Everybody hates Monday. But the sound of the alarm in the early a.m. at the start of the work week is particularly brutal. Like, medieval.
Crossfade would even go as far to wager that the hobbies and habits that constitutes one's stress-relievers and vices (everything from healthy options like kombucha and tennis, to more immediate options like amphetamines and basement orgies) come from a need to deal with Monday fucking morning.
In need of a lil' start-of-the-week relief yourself? Might we suggest a little Dinosaur Jr. face-metling?
If you're anything like us, you've managed to get through the workday by periodically sneaking off to the bathroom and staring at your ticket for tonight's Dinosaur Jr. show. And wouldn't ya know, there's no sugar that helps the medicine go down like a J. Mascis guitar solo.
So here are five certified face-melters we hope he whips out tonight so we can pretend this Monday shit never happened.
The Song: "The Wagon"
The Album: Green Mind (1991)
The Solo: 1:31 - 2:04
Shredability: J. Mascis can not only pump out breezy, super fuzzed-out 90s slacker anthem like it aint no thing, but he also somehow manages to include these seemingly effortless solos that pop out of nowhere, sear our eyebrows, and make us doubt he's actually as stoned as everybody says he is. Or maybe that's the key: you've gotta be high as kite to come up with this stuff.
The Song: "Sludgefest"
The Album: You're Living All Over Me (1987)
The Solo: 3:55 - 5:18
Shredability: The opening song from Dinosaur Jr.'s mainstream crossover album (and last to feature the original lineup until the band's reunion in the mid-2000s) definitely lives up to it's name. Hardcore punk, 80s arena rock and thrash are all invoked over the course of the track's rolling-boil tension, which, during the final minutes, bubbles over into a speed-metal non-sequitor finale that sounds like the start of another song entirely, and/or the newest Slayer single.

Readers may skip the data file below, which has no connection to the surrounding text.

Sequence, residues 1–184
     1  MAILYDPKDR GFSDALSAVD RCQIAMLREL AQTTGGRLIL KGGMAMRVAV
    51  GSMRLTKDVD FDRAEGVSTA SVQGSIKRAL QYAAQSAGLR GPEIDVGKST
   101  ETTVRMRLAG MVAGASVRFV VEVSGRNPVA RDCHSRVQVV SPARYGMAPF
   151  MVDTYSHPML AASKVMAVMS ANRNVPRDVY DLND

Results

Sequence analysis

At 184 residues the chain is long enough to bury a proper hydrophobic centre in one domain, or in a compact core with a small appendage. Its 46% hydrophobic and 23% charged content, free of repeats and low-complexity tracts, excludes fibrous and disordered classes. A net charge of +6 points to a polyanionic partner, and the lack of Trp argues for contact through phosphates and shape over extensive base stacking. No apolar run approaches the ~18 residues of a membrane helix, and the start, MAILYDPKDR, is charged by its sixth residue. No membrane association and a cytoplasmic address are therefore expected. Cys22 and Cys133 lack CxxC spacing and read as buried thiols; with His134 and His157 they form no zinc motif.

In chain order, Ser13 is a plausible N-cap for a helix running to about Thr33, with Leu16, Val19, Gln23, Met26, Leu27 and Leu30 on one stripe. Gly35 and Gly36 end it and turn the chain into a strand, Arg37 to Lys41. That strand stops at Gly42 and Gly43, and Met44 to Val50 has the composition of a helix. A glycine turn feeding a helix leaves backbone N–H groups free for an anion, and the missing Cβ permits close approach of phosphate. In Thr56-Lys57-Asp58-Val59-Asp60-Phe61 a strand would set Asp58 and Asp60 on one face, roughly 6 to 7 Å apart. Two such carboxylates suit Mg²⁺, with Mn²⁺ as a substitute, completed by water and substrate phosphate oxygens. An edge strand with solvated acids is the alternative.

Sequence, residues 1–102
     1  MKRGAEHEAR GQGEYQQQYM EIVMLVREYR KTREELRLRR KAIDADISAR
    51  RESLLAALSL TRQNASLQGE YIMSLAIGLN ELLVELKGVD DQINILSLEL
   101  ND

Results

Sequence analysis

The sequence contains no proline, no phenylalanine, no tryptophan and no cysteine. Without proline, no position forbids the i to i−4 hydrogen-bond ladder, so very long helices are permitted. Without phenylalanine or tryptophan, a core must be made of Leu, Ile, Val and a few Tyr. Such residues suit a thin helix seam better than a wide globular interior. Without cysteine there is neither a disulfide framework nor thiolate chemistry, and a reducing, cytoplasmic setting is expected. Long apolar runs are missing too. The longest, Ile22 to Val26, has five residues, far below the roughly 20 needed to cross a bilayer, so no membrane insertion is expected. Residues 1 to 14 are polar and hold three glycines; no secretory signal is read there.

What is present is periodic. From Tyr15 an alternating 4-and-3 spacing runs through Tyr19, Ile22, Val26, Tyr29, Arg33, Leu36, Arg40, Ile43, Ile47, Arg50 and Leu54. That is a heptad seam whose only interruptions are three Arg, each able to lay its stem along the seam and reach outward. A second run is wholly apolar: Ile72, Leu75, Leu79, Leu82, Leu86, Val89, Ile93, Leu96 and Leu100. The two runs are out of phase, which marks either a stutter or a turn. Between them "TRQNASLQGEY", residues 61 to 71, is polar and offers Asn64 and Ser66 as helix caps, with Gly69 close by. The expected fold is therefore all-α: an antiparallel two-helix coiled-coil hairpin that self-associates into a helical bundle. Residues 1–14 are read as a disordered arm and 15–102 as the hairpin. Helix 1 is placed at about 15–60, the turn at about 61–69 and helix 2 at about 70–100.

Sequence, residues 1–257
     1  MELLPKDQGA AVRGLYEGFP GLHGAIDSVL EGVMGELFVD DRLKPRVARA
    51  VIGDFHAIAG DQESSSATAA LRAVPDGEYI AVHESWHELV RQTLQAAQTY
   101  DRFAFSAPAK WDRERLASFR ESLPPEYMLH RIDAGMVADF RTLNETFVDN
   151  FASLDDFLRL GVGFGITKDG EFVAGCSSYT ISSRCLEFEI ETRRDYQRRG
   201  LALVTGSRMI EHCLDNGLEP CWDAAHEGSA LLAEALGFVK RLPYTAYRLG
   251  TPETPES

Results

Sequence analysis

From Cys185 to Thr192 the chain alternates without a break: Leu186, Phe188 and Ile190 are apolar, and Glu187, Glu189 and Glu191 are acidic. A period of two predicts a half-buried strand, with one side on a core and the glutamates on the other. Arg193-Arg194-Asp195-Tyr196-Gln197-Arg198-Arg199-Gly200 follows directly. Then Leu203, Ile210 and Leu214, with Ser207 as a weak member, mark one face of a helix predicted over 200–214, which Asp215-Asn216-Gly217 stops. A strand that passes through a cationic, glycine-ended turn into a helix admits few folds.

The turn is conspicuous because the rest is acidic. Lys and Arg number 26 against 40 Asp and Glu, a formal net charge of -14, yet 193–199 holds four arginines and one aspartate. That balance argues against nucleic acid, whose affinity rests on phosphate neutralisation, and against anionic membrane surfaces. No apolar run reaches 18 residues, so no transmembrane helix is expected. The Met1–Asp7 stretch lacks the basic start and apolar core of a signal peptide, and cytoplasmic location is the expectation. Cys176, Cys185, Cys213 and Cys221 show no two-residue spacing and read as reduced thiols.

The Song: "Mountain Man"
The Album: Dinosaur Jr. (1985)
The Solo: 2:37 - 3:30
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Shredability: Speaking of sludge, tension, and speed, this cut from the band's first, self-titled record is one of the rawest displays of Dino fusing the most bombastic elements of almost every hard rock variant. Whoda thunk punk rock would find renewed relevancy by embracing the traditions (for example, musicianship) it originally set out to destroy?
The Song: "Alone"
The Album: Hand It Over (1997)
The Solo: 6:18 - 8:04
Shredability: Judging from song titles, it seems like after alienating his original bandmates and then pissing off two or three band's worth of scabs and session players, J Mascis was getting tired of being a one-man Dinosaur Jr. Somewhere between the emotive theatricality of "November Rain" and the sweaty, churning punch to the pineal gland of noisy psychedelia, the slow-burning, 8-minute power bummer ballad, "Alone," is a particularly cathartic statement from a band that was already indie-rock's most bombastically sentimental.
The Song: "Get Me"
The Album: Where You Been (1993)
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The Solo: 4:04 - 5:51
Shredability: There is little doubt that Dinosaur Jr. was, is and always will be the hardest shredding band in indie rock. And we can say, with equal certainty, that the seemingly endless supply of licks, riffs and sub-hooks that J. Mascis tears out of his guitar on "Get Me" may very well be his finest, face-melting solo.
Dinosaur Jr. with Yuck. Monday, January 23. Grand Central, 697 N. Miami Ave., Miami. The show starts at 8 p.m. and tickets cost $30 at the door. All ages. Call 305-377-2277 or visit grandcentralmiami.com.